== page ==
I wasn’t expecting to post another tribute so soon, but a few days ago I learned my HS guidance counselor has passed away at age 63.
Natalie did so much for me when I was at Ben Davis HS and beyond. She advocated for me when I had schedule issues (which was basically every semester) and when I needed to miss school events to interview for a scholarship. She pushed me to apply to DePauw when I didn’t think I should apply to any expensive schools. I got in, received several scholarships, and got a great education. My sister Kelly followed me to DePauw too. She helped both of us get several jobs. When I was in college, she had us dog-sit and take care of her house, and trusted us to drive her daughters to their summer activities. That was a big deal; she told us she trusted very few people for jobs like that.
While staying at her house, I leafed through her high school yearbooks and learned that she had protested the Vietnam War. When I was walking her little dog Rudy on the greenbelt in Chapel Glen one evening, I saw a coyote scurrying by the creek, clearly interested in him. I grabbed Rudy and prepared to fight off a predator. I walked away quickly and the coyote didn’t follow, thankfully. As I told people later, “I’d rather fight a coyote with my bare hands than face Mrs. Mattingly after telling her that her dog got eaten!” If you ever saw her when she was displeased, you understand. 😀
We didn’t leave her house much if we weren’t going to work. She would call us every day on the house phone. If we didn’t answer, she would call our cell phones and ask why we weren’t at the house. We’d be at work, which she understood we would have to do, but other than that she wanted her dogs to have our company and care. She also had us sit down with her daughters once, before they went into junior high, and said to them, “Okay, Kati and Kelly were very successful in school. They were also always very nice and respectful to me, unlike some kids. I’m going to have them tell you how they got through school and you can ask them questions. They can tell you how to deal with stress, mean girls, tough teachers, homework, anything.” I don’t think Kelly and I even knew in advance that she’d be putting us on the spot! It was funny, but we were flattered that she thought we had wisdom to share, and happy to share some advice to her sweet girls.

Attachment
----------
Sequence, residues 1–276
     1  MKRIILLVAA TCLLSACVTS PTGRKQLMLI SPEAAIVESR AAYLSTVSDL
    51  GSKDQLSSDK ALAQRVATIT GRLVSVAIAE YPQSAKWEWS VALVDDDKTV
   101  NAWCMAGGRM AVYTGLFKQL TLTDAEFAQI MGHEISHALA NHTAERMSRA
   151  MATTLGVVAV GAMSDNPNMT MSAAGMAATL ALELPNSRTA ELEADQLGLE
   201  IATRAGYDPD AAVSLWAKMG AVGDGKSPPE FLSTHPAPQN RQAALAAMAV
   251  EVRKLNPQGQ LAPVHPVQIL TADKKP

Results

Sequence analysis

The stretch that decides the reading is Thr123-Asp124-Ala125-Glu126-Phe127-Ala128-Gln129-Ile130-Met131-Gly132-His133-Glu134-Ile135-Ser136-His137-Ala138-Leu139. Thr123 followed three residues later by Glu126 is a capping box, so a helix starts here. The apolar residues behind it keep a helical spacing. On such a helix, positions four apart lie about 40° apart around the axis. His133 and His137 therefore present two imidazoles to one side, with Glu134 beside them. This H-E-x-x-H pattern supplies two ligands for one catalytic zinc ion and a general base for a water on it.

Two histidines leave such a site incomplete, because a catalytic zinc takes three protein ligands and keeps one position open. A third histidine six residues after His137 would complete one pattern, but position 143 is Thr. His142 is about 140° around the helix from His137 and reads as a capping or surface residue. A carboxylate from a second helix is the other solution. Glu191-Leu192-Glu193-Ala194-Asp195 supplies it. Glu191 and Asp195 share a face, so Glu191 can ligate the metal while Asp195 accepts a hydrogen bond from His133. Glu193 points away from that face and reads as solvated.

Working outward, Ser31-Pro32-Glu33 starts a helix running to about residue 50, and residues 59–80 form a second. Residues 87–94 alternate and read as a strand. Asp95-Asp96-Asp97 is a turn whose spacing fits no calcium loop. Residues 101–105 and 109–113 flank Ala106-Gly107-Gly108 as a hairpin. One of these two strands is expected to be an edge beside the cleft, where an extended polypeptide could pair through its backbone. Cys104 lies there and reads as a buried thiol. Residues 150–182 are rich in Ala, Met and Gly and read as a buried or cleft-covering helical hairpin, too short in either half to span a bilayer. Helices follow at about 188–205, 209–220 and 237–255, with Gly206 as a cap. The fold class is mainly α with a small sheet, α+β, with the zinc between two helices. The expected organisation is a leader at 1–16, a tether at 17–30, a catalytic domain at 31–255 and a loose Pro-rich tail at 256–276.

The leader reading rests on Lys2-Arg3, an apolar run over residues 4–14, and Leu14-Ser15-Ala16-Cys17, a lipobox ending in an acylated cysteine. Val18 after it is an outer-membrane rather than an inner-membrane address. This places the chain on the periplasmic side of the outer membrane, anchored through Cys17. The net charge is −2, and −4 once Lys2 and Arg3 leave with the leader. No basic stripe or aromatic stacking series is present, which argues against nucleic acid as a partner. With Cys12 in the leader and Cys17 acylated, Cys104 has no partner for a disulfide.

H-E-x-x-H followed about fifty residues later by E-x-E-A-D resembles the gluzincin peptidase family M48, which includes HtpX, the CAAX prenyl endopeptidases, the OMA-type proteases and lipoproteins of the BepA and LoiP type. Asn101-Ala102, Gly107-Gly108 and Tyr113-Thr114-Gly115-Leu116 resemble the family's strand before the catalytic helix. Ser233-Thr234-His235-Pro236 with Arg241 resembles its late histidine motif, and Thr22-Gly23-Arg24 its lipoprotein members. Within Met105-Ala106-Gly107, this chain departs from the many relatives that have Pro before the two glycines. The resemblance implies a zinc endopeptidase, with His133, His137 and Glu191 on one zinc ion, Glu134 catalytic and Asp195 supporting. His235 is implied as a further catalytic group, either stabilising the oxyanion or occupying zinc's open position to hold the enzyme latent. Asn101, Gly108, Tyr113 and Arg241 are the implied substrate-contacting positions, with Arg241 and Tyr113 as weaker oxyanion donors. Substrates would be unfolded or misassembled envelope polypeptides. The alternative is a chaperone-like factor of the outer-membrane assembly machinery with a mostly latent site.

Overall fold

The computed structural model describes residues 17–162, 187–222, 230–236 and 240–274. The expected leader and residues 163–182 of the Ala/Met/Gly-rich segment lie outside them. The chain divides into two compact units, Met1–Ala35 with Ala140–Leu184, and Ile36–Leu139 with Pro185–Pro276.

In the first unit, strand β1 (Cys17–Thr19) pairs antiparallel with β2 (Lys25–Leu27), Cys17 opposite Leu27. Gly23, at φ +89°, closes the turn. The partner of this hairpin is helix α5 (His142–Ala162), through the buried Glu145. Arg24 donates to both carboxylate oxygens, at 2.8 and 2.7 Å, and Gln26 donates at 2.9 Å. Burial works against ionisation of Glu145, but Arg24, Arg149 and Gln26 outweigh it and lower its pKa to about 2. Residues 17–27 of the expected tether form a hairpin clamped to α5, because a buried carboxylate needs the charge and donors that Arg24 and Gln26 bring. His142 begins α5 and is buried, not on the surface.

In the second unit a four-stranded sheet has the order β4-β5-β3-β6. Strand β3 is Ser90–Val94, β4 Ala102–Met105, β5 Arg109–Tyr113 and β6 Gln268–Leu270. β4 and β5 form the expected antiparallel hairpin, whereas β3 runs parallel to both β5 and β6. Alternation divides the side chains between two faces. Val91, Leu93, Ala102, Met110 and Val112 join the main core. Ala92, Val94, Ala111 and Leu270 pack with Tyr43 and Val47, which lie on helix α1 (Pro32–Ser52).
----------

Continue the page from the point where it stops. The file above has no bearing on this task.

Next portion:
Two years ago, she moved a block away from my house in Herron-Morton. When I was looking for furniture before a move, she offered me her patio table, which is now sitting on my back porch.
I always appreciated her matter-of-fact demeanor. She had a way of drawing out whatever was on my mind, even if I’d just gone to her office for a signature on a college application. She never had the overhead light on in her office. It was lit with warm table lamps. There was a cozy chair with a pillow; the pillow had a cow on its back, legs in the air, with “Really, I’m fine” written in shaky handwriting. Recovering from cancer herself, she was acutely aware of how it impacted a child’s life (my mother had cancer when I was in 6th grade) and even asked me questions about my experience, gauging how that information might translate for her daughters. She was smart, funny, fierce, and yet sweet. I wish her family wasn’t facing her loss. I was so fortunate to have had her as my advocate and mentor. She touched so many students’ lives – her impact will remain on earth far into the future.
(I originally posted this on Facebook.)